Bristol and North America

Viking sailors from Scandinavia occupied Newfoundland in about AD 1000. Bristol's first connection with this area was in 1497, when sailors on John Cabot's voyage of exploration established the first English claim on Canadian land, leading to a Bristol-led settlement in 1610.

Trade expanded as colonial settlement spread, and in the late 1800s, imports of Canadian wheat into Bristol increased hugely. Bristol and Eastern Canada established a special trade relationship after the celebrations to mark the 400th anniversary of Cabot's voyage in 1897.

 

The banana trade between Jamaica and Bristol

Dockers at Avonmouth unloaded the first cargo of bananas sent to Britain from Jamaica in 1901, a trade that was to continue for nearly 70 years. Almost overnight, the exotic banana became an everyday food. The trade

re established Bristol's links with Jamaica and the Caribbean following declining trade in the years after the ending of slavery on the Caribbean plantations.

Elders & Fyffes were the first company to build ships especially for bananas, with refrigerated holds for the unripe fruit. Their elegant white ships were regular visitors to Avonmouth every six weeks from 1902 until 1969. They carried almost no cargo outward, but brought back about 180,000 bunches of bananas. The company became Fyffes & Co. in 1969. </p> <p class="MsoPlainText"></p> <p class="MsoPlainText">Tea from China</p> <p class="MsoPlainText">When tea was first imported from China in the 1700s, it was fashionable and</p> <p class="MsoPlainText">expensive: the equivalent today of about £15 for a 125 g packet. Much of this was tax, and when the government cut the tax in 1785, the lower price meant that more people could afford it, and the very English habit of tea-drinking spread through all the social classes. Enterprising Bristol merchants were quick to open up tea dealerships to sell wholesale and retail to the Bristol area.</p> <p class="MsoPlainText">The Chinese used tea bricks, made from compressed black tea leaves, as currency to trade with neighbouring states. A brick could be broken into 16 squares for small payments.</p> <p class="MsoNormal" style="mso-layout-grid-align:none;text-autospace:none"> </p>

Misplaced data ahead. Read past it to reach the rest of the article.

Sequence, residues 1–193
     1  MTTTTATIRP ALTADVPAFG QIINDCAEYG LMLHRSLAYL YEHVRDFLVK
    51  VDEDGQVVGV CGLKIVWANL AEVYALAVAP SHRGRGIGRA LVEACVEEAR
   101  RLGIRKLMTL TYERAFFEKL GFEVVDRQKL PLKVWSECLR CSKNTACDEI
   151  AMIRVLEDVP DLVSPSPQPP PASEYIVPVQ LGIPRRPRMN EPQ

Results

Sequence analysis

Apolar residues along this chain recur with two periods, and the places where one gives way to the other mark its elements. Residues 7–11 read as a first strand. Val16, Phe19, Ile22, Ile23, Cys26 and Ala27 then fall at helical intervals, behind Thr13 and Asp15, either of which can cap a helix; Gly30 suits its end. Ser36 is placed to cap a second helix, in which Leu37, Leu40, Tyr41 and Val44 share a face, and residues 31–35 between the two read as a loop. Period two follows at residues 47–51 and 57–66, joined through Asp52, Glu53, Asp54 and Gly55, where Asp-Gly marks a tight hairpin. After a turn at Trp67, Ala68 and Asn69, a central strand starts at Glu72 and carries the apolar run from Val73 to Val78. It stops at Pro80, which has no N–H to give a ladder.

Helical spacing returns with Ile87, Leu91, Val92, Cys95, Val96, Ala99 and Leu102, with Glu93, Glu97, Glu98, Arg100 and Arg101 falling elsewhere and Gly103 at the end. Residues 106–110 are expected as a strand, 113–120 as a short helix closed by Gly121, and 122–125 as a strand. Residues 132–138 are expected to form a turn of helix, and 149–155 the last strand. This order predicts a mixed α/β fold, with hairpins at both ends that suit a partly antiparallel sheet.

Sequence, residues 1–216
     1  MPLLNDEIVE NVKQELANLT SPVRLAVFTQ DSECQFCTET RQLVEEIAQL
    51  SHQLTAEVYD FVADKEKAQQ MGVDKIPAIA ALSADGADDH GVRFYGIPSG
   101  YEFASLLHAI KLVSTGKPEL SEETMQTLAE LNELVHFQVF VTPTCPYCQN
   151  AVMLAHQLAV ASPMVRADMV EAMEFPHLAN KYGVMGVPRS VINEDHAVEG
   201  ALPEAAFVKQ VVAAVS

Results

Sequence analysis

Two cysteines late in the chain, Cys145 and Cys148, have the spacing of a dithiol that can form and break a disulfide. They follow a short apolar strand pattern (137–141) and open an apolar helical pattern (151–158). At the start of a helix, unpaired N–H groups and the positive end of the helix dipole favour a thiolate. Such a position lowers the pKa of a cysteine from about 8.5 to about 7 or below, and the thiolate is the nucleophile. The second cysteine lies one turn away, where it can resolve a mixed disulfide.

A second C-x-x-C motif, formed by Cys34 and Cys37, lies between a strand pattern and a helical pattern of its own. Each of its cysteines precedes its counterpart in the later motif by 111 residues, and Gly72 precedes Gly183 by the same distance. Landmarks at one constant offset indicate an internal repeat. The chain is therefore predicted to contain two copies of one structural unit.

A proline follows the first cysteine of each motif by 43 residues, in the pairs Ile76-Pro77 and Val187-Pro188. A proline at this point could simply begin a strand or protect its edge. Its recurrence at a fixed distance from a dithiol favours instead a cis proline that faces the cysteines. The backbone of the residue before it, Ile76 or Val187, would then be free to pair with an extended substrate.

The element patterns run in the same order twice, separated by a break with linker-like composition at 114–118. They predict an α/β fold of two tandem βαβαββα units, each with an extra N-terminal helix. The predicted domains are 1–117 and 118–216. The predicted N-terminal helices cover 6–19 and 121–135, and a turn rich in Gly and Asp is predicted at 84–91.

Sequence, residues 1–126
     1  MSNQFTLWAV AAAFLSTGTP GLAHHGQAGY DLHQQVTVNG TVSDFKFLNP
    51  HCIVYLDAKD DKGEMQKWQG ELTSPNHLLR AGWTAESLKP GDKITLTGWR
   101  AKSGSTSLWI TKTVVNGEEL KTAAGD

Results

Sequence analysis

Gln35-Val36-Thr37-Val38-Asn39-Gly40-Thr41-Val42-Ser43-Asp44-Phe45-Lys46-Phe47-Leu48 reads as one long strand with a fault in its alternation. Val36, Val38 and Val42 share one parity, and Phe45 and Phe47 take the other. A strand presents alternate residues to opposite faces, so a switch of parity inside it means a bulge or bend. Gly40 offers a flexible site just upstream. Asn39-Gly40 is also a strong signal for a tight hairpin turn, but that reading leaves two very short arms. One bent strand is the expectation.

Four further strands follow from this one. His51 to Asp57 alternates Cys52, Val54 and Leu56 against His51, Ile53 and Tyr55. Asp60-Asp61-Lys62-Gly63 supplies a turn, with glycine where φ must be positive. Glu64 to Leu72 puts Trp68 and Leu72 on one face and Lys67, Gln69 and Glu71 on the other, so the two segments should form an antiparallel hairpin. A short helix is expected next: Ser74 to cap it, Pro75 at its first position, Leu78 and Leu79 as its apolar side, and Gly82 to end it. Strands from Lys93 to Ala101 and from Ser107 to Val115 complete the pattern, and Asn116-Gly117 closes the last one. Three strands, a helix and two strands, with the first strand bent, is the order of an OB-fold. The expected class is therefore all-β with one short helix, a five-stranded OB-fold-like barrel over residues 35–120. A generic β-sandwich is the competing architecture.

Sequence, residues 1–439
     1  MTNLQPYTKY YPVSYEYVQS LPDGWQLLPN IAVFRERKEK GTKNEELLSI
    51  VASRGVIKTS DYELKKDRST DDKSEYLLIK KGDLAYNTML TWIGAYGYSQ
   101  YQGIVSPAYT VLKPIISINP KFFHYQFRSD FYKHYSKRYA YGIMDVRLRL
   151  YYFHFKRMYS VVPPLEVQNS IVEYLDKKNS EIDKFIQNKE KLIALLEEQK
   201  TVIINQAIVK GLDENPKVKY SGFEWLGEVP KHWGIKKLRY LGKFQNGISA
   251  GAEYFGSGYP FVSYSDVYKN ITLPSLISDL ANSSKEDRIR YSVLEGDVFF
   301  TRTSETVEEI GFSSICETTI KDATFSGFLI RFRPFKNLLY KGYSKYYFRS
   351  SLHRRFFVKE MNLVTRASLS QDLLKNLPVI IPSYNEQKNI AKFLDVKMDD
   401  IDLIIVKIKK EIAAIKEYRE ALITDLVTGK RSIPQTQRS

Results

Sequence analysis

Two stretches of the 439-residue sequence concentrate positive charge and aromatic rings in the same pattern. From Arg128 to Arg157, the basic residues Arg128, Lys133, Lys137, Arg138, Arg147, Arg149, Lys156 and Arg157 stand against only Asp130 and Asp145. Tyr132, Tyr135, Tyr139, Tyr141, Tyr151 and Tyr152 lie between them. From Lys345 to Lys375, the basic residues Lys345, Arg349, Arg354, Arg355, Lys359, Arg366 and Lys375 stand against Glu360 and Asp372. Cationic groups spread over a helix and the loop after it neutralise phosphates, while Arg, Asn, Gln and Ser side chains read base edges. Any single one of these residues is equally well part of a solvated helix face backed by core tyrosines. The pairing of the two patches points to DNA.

Trading locally

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<p class="MsoNormal">Since the Roman period, shops have opened in Bristol to meet the changing needs of customers. They were mostly small, local businesses until the development of the chain store in the 1850s. Today international supermarkets and chains dominate sales, but local, individual shops still survive, and traders in, for example, the Gloucester Road are fighting to keep their local character.</p>

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<p class="MsoNormal">Trading informally</p>

<p class="MsoNormal" style="mso-layout-grid-align:none;text-autospace:none"> Shops and markets have always been where most people went shopping. But itinerant peddlers, pawnbrokers and jumble sales were part of the mix, especially for the poor or the bargain hunter. Today, when shopping is a major leisure activity, the internet and car-boot sales increase the opportunities for spending money.</p>